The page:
I really enjoyed watching ONE LIFE TO LIVE’s Charlie and Echo square off today over her drinking. Charlie decided to stage a one-man intervention near Rex’s sickbed, entreating her to give up the booze for the sake of her son. Or for Charlie, even!
Echo was determined to make up for not raising Rex by being a mother to him now. However, the flaw in her plan was that she believed an occasional sip of firewater would be just fine. But Charlie pointed out that if that pull comes from a flask you have to hide, then she has a problem.
I joined a couple of colleagues from Soap Opera Weekly to check out the first show of Port Chuck’s 2011 tour, at Studio Square NYC in Long Island City, N.Y., on April 15.
For those of you who don’t know, the band Port Chuck is made up of actors from GENERAL HOSPITAL, including Brandon Barash (Johnny), Steve Burton (Jason), Scott Reeves (Steve) and Bradford Anderson (Spinelli). All the guys sing, and they have backing musicians to fill out the band. Scott plays guitar – and Steve can clang a pretty mean cowbell when he wants to! (Yes, we shouted, “More cowbell!”) Check out my photo gallery after the cut.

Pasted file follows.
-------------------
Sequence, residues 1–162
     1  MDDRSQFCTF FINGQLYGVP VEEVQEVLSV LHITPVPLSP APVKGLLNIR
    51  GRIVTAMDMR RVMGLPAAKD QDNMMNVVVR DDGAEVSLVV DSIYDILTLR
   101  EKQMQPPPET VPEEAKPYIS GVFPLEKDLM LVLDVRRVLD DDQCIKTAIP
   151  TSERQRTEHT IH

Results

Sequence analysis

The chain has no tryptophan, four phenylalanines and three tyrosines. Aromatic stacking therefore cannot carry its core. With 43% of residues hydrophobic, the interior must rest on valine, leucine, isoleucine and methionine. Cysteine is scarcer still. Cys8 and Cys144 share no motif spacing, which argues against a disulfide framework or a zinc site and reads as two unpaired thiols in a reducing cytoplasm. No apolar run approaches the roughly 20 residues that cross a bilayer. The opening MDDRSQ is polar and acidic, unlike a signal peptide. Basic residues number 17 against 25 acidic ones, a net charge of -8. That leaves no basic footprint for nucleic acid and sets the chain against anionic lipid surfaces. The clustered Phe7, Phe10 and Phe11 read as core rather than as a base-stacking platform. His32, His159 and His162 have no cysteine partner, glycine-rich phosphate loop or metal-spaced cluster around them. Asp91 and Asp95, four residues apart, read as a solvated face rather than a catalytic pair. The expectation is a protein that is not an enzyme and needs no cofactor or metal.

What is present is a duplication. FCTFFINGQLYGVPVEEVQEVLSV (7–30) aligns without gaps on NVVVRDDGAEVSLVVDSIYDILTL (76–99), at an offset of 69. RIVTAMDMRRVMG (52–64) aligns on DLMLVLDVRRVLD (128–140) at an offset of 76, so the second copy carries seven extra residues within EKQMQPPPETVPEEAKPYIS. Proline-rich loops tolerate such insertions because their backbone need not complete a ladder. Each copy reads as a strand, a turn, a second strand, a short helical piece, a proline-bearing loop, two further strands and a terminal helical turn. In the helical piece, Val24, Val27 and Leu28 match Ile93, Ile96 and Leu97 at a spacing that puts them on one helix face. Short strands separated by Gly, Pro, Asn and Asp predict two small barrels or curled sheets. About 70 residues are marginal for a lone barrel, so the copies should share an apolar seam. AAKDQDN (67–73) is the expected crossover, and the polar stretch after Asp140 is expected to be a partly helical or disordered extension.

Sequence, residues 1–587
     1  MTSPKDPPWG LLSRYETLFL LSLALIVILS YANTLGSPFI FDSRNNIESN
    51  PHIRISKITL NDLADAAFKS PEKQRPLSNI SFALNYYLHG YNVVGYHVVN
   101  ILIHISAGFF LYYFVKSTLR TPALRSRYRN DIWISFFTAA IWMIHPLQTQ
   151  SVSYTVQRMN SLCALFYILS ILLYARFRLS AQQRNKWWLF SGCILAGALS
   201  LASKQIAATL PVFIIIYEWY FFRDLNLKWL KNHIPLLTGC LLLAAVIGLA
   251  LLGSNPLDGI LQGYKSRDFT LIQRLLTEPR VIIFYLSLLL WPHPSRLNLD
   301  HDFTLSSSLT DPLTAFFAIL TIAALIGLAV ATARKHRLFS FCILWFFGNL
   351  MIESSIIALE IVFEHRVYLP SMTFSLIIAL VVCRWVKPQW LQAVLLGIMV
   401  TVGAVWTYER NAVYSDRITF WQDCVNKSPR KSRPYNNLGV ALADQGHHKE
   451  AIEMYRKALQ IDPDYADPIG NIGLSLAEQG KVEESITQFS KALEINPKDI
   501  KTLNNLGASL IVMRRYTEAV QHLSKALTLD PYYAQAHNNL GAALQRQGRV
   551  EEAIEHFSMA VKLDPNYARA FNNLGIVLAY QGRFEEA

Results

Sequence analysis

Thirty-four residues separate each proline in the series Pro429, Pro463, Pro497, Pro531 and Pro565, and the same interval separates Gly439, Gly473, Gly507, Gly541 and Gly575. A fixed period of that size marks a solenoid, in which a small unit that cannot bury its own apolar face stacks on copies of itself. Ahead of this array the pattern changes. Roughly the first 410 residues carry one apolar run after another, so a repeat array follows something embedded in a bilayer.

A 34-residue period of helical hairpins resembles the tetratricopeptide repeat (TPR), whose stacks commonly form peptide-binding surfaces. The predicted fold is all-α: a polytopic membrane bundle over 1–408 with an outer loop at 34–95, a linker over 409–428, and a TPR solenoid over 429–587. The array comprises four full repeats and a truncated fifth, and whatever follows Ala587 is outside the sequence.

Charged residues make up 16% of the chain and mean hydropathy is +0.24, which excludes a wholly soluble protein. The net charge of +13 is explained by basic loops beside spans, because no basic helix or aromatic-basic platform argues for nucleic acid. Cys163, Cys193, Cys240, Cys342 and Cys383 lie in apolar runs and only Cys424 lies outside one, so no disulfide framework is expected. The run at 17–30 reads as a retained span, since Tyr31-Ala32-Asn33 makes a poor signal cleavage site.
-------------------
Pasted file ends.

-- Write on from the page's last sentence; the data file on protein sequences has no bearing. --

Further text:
The premise of LONE STAR seems interesting yet limiting at the same time. Interesting because of how it amplifies the idea of a con man running a long con and escalates it all the way to faking his entire life. Twice over. And limiting because…where does one go with this high-concept in the future?
When I first heard about this concept, it sounded to me like an extended version of that horrible sitcom cliché, the dummy who accidentally makes two dates for Saturday night and decides to take both women to the same restaurant and try to juggle them. Hilarity is sure to ensue.
Well… not so much.
Sure, ROYAL PAINS featured its biggest guest star ever this week – the 7-foot, 485-pound Paul Wight, a.k.a. Big Show of the WWE – but I was more distracted by who wasn’t on the screen very much: Where did Divya go?